Speaking in Lecture Halls

Let’s face it, prospective students. I love Cornell, but it is NOT  like one of those quaint New England liberal arts colleges with a few hundred students. If you’re taking introductory courses here (as you will your freshman year), with the exception of your writing seminar you better believe that you’ll be in large lecture halls.

Admittedly, I love lectures. What could be better than sitting back, listening to a brilliant scholar preach about something that they love for an hour? I treat it like a show, and always look forward to getting comfortable in a seat and taking notes.

But speaking in lecture halls, say, in a class of 600 kids? That’s just not something people love doing. Yet, just recently, your humble blogger rose to the challenge.

To set the scene: in AEM 1200, Introduction to Business Management, we have to analyze articles of the Wall Street Journal on a weekly basis (pertaining to whatever we’re discussing in class), and write papers on what we’ve learned. The professor is jubilant and loves interactivity with the class, so it’s a pretty unique classroom experience. Last week’s subject was human resource management, so I wrote about employee happiness.

At the beginning of class on Wednesday, the professor asked someone in the class to rise up to the challenge and speak about their article.

“Who wants to tell us what they wrote about?” he asked.

There was silence, among the hundreds of kids enrolled in the class.


Still silence.

After he asked one more time, and the entire auditorium remained quiet, we waited for a period of 10 seconds in silence (no, I’m not exaggerating) until it was made clear that he wasn’t moving on until someone spoke.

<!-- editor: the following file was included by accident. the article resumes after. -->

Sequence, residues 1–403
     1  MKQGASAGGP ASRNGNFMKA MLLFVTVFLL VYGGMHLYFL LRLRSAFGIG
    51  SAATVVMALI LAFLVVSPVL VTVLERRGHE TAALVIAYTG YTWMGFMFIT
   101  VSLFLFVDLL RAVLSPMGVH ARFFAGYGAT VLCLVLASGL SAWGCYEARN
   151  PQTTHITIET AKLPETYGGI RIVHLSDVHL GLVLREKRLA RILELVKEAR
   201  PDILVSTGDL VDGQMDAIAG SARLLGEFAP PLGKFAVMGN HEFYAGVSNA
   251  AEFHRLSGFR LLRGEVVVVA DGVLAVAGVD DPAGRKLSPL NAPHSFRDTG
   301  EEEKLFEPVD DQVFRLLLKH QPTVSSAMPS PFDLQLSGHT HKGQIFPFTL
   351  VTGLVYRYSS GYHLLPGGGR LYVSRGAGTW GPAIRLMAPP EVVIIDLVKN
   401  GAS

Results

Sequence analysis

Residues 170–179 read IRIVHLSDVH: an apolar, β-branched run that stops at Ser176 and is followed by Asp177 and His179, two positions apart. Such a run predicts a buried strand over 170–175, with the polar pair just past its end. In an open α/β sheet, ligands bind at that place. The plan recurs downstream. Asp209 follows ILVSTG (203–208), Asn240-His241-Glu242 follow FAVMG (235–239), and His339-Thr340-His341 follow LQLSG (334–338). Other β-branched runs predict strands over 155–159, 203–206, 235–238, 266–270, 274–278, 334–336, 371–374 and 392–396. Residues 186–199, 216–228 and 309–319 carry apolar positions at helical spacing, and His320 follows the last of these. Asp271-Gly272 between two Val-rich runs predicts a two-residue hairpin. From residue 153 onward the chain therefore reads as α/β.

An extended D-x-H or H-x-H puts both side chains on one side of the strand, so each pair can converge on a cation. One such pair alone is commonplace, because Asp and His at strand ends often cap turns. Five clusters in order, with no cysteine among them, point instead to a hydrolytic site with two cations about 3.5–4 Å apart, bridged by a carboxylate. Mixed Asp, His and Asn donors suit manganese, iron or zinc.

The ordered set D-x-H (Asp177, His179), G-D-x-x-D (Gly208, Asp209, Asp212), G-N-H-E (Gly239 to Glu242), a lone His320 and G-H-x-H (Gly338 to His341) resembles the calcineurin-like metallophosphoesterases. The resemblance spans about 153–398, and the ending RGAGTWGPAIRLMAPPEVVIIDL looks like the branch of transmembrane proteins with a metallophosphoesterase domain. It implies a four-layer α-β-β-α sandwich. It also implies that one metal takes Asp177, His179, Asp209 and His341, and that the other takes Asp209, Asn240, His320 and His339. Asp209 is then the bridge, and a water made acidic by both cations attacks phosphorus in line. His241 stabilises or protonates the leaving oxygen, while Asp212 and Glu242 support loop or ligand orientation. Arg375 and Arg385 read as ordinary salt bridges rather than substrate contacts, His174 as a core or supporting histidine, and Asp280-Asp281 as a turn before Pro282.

Silence again.

“I…I have an article I can discuss,” I randomly blurted out.

As I threw my hand into the air, all eyes turned on me as I wasn’t quite sure what I was going to say. I managed to concoct a statement about Bank of America and employee satisfaction, which I hope made sense at the time.

The professor said something like “thank you, good contribution,” then the class moved on. I breathed a sigh of relief knowing that I could slide back into the sea of other students. I’m glad I did it, though.

Moral of the story? Push yourself to do things you may not be comfortable with. Public speaking is always important to practice…

3 thoughts on “Speaking in Lecture Halls

  1. Pat

    Congratulations! Spur of the moment speaking in front of a crowd could be the worst. You have to be quick on your feet. I see you going places!

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